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# Differences between VAV:Reheat and VAV:HeatAndCool:Reheat

I gave it the exact same title as this old post. It seems that AirTerminal:SingleDuct:VAV:Reheat and AirTerminal:SingleDuct:VAV:HeatAndCool:Reheat have not changed that much since 8 years ago, but I'm not satisfied with the answer in the old post. To be more precise, I want to clarify the difference between AirTerminal:SingleDuct:VAV:Reheat with Reverse damper heating action and AirTerminal:SingleDuct:VAV:HeatAndCool:Reheat.

For AirTerminal:SingleDuct:VAV:Reheat, the Reverse damper heating action is also called the dual maximum control logic as illustrated in the following figure.

For AirTerminal:SingleDuct:VAV:HeatAndCool:Reheat, Adam Hilton, the questioner of the old post interpreted Input/Output Reference as follows:

VAV:HeatAndCool:Reheat increases the air flow to maximum first, then modulates the reheat valve to 100%.

This is incorrect, at least according to simulation results. When the heating load is small enough to handle with the Mnimum Air Flow Fraction, the airflow starts from the Mnimum Air Flow Fraction, and the supply air temperature is gradually increased. The aiflow increases only after the heating load increases and the supply air temperature reaches the Maximum Reheat Air Temperature, which is the same as the figure above! If this simulation result is not as intended for AirTerminal:SingleDuct:VAV:HeatAndCool:Reheat, this should be a bug.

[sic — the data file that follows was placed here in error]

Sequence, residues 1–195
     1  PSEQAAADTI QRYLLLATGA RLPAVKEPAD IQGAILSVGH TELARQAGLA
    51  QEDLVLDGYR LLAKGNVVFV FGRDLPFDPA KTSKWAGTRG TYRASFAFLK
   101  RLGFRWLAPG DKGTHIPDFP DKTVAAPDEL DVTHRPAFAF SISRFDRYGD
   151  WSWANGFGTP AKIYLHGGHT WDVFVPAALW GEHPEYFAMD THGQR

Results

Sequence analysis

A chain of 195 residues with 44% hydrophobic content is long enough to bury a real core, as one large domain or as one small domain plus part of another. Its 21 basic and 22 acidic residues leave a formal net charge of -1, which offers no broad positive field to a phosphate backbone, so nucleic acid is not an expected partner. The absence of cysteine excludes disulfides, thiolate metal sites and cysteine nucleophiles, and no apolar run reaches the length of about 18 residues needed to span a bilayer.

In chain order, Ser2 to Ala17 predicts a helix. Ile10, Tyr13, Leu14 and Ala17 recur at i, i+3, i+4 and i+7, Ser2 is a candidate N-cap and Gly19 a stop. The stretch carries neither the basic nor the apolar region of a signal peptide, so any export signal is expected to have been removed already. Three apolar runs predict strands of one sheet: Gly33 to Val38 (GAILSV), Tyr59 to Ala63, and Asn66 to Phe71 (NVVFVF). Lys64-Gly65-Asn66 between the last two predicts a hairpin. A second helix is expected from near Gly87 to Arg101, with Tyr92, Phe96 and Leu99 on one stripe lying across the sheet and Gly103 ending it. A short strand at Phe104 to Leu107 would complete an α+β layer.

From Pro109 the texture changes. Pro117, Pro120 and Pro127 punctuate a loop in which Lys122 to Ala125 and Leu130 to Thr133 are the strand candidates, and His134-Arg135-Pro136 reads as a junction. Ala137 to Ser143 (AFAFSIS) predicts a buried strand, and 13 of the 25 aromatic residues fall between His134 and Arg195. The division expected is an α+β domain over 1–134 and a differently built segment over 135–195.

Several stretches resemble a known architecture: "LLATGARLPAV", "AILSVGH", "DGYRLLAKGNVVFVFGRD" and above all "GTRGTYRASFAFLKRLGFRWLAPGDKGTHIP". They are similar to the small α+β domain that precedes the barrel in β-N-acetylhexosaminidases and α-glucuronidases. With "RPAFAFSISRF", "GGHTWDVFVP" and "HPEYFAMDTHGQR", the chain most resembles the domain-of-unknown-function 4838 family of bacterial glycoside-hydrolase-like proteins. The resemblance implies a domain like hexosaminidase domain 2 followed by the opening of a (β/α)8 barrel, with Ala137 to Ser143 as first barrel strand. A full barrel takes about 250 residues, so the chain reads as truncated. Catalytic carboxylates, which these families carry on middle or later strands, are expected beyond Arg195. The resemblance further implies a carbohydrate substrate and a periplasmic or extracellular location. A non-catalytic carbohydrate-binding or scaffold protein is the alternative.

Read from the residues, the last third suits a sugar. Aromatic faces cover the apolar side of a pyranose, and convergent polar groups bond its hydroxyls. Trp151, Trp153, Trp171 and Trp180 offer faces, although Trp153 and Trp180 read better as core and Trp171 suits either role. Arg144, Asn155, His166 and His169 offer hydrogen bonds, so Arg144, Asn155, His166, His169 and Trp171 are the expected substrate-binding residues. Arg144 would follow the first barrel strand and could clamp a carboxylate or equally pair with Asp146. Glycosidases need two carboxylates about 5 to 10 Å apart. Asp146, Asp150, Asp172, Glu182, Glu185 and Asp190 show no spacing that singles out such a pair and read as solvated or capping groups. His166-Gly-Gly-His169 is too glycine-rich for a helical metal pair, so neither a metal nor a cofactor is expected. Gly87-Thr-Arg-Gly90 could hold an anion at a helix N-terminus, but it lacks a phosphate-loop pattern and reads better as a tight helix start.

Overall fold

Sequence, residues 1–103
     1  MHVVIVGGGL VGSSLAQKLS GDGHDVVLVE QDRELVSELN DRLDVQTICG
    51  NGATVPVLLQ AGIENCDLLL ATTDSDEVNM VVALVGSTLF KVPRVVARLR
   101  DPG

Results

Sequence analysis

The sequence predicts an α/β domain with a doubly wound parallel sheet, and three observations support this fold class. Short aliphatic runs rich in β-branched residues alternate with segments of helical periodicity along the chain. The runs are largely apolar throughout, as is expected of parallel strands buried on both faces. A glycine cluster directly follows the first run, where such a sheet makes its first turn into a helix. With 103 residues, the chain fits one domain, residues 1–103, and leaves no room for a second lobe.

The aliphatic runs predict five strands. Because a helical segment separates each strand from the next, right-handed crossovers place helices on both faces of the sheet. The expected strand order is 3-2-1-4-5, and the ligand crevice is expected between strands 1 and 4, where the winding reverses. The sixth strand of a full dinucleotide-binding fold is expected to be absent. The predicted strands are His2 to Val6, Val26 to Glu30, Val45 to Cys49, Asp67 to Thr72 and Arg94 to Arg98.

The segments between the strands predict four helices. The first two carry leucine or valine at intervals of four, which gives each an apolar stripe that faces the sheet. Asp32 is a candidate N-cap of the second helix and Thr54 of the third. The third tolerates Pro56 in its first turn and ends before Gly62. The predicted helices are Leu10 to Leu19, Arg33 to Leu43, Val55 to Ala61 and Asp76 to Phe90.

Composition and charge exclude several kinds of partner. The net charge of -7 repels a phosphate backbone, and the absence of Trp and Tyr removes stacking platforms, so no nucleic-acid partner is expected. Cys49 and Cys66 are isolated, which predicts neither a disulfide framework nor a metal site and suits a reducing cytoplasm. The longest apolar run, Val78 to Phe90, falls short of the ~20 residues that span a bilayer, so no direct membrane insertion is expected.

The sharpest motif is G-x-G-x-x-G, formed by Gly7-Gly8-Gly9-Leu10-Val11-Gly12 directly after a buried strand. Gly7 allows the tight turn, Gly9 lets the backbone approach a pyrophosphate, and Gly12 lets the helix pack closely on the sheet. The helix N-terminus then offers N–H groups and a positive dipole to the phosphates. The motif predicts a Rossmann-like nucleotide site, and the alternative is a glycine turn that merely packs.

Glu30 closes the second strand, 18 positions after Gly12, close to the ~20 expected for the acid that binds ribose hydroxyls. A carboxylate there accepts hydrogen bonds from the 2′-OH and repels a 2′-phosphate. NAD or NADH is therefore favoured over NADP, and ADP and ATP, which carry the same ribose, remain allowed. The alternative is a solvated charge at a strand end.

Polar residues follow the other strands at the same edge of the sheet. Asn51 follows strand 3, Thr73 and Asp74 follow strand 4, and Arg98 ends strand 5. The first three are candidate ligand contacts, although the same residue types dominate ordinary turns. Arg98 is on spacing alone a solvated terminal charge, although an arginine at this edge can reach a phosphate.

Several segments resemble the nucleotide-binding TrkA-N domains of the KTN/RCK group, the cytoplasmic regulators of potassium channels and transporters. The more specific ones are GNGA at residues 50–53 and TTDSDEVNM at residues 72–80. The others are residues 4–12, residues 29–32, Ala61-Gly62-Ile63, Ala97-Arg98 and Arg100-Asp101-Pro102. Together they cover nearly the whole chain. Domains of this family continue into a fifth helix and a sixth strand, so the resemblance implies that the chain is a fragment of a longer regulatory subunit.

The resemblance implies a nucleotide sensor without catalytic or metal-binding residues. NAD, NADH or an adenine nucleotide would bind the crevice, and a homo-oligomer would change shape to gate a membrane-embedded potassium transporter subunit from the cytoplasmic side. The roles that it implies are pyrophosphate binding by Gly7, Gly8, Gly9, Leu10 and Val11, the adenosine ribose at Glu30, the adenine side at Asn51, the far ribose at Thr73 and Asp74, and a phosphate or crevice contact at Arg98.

I don't know the difference between AirTerminal:SingleDuct:VAV:Reheat with Reverse damper heating action and AirTerminal:SingleDuct:VAV:HeatAndCool:Reheat. Both have Mnimum Air Flow Fraction and Maximum Reheat Air Temperature. When the heating load increases, both start with Mnimum Air Flow Fraction and both increase airflow after the supply air temperature reaches Maximum Reheat Air Temperature.